My Mac is my digital hub. My Mac is the center of my personal organization. My Mac is where I organize and store everything in my digital world.
Just when you thought there were barely 100 ways to organize, along comes one more way to gather, store, retreive. Listz.
Let’s face it. The Mac is a digital housing development for personal files. The Mac is a downtown redevelopment of documents. It’s also a landfill of sorts.
Apple’s most personal of all personal computers stores everything digital; photos, music, TV show, movies, images, documents, spreadsheets, links, schedules, to-do lists, projects, tasks, financial information.
What did I forget? See the problem? These days we need a list just to keep track of the lists that keep track of our digital life.
The Mac is no stranger to personal organization tools. Mac360’s reviewers have kept busy and kept you informed about the best personal organizers money can buy.
I’d like to report to you today that following much research I have found the ultimate Mac organizational tool that’s both capable and easy to use. And it’s free. The only problem is that Listz isn’t free. But it’s very good, quite fun, Mac-like intuitive.
Robochan’s Listz is at once familiar, colorful, and worthy of consideration; especially if you’re intimidated by NoteBook or Yojimbo.
Alex loves free. Alex loves cool. And Alex loves easy. So, two out of three’s not bad, right?
Simply put, Listz is a Mac application that lets you create, store, explore, and retrieve those gazillions of pieces of information that flow across our digital screens each day.
If you’re like most of us as Mac users, you make lists. To-do lists. Lists of things to buy. Safari bookmarks are nothing more than a list of web sites.
We have lists online, lists on our Macs, lists in our pockets, lists in our day planners, lists of places to go, lists of people, lists, lists, and yet another list. Listz is a list of lists.
Open Listz and you start with the familiar day planner-cum-notebook metaphor; a notebook-like pad on your screen with tabs to the right. Don’t be impressed with the simplicity. Lists is toying with you. There’s lots of personal organizing power here.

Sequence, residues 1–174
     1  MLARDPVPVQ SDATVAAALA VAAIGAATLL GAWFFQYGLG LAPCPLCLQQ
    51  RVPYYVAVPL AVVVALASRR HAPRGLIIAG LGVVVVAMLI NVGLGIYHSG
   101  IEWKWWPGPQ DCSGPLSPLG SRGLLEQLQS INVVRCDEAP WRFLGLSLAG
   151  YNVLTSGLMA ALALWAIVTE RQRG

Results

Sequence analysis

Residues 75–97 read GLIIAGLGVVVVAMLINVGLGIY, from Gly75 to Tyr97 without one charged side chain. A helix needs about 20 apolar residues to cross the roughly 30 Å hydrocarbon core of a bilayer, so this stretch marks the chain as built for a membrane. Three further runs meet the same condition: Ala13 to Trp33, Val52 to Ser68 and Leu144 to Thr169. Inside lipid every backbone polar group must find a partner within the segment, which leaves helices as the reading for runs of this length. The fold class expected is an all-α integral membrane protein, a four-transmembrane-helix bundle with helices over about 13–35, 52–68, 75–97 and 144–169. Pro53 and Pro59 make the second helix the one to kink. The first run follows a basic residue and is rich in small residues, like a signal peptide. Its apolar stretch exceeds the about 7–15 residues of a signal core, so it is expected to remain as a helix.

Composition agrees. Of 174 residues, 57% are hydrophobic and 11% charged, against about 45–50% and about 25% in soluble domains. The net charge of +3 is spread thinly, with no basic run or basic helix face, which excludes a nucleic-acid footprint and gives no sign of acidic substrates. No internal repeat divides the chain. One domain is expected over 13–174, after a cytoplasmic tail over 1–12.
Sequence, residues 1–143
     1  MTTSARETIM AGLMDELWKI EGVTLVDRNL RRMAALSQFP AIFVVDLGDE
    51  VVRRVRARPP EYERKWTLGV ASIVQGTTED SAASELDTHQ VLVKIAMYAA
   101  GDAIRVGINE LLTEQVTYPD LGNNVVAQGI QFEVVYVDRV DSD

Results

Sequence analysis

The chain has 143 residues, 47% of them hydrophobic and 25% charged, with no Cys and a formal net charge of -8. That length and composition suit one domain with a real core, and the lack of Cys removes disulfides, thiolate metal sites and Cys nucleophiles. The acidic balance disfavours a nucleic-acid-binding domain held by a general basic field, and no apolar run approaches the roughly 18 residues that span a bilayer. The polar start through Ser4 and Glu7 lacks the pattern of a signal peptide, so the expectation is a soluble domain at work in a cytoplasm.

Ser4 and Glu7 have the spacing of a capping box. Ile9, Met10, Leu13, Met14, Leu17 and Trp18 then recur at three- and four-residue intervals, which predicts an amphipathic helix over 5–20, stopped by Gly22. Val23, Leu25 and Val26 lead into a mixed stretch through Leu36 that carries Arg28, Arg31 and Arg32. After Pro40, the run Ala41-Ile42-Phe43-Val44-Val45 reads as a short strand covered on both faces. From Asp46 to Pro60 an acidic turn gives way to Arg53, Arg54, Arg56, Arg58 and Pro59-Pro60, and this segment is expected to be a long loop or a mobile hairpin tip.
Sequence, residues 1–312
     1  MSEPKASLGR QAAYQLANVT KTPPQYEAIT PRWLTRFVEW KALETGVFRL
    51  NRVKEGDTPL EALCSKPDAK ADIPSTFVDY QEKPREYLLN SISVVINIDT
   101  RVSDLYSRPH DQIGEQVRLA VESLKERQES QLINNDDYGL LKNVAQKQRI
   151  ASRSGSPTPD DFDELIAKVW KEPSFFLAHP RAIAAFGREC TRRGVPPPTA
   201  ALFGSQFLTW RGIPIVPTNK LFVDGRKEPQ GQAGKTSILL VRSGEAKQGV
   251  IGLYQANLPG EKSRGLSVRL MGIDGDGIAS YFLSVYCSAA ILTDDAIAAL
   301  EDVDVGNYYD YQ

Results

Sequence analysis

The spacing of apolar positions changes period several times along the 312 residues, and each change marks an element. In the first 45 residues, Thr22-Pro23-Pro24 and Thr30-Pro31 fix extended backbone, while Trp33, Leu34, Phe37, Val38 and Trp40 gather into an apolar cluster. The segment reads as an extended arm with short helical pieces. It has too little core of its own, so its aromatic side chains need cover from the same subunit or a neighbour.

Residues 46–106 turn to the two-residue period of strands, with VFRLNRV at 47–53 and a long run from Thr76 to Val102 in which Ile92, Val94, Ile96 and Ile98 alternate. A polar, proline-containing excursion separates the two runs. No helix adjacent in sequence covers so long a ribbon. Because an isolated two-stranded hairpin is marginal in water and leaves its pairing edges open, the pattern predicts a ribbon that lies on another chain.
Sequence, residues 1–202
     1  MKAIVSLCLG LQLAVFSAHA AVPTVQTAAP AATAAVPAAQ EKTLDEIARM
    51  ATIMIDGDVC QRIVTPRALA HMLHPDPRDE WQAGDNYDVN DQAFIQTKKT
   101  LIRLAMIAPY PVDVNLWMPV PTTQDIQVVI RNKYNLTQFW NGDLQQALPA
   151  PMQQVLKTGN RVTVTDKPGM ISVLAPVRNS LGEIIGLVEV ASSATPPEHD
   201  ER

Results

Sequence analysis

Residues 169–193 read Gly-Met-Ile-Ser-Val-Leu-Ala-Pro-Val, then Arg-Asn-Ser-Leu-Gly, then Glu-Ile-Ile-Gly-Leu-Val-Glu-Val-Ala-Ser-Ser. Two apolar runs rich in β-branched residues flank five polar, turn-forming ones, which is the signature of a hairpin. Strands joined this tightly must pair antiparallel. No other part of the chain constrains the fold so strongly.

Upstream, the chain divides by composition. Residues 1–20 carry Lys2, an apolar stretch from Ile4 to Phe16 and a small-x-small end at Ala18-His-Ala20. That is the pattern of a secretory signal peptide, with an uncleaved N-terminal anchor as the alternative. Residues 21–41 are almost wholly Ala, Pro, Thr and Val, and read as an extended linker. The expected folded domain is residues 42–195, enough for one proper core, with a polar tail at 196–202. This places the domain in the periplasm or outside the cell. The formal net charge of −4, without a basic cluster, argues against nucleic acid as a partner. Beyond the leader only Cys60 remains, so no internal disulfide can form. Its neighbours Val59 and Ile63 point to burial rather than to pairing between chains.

Listz lets you create Categories to arrange whatever you have to collect, whether lists of information, lists of things to do, or digital items you’ve collected and just need to store.
Items can be placed in Categories. Listz lets you apply alarms to items, add notes to items, set an item’s status (completed, pushed, delayed, cancelled, etc.).
Items can be marked with tags that can be searched. Zoom out to the Global View and see all your lists. Even create links to new tabs or to new lists.
No organizational tool is truly worthy without a backup plan. What happens if you lose all your lists? Listz has a built-in “burn to disk” backup system. One click.
Items can be imported, exported, created, moved or simply created and moved by drag and drop. My favorite feature is alarms. My list items are often connected to an event which is connected to a time. I love alarms.
Virtually everything in Listz is fluid. The onscreen notebook can be resized by drag. Too many items on a list? Never. It scrolls. Even better, Listz sorts, too. Sort alphabetically, status, due date, priority, or category. Click, click, then click and it all goes back to normal.
Just as cool is the List Share feature which lets you share your lists with others. Or, print your lists so you can carry it in your pocket or day planner.
After reviewing Mac organizational tools for a few years, I tend to be both skeptical and jaded, and a little bit hard to please. I don’t think of such tools as fun to use. Listz is a pleasant Mac application that puts the simple “fun” back in functional and fundamental.
Listz is highly customizable so you can create a look that fits your needs and style. Like Mori, another of our favorites, Listz is highly flexible and can be complex if your needs are complex, or remain ultra simple and sticks to the basics. You choose.
Try it for free. Listz is a Universal Binary and runs on Panther, Tiger, and Intel Macs.
What’s your tool of choice for personal or business organization? Do you run lists of lists? Share your experience and perspective in the Comments section below.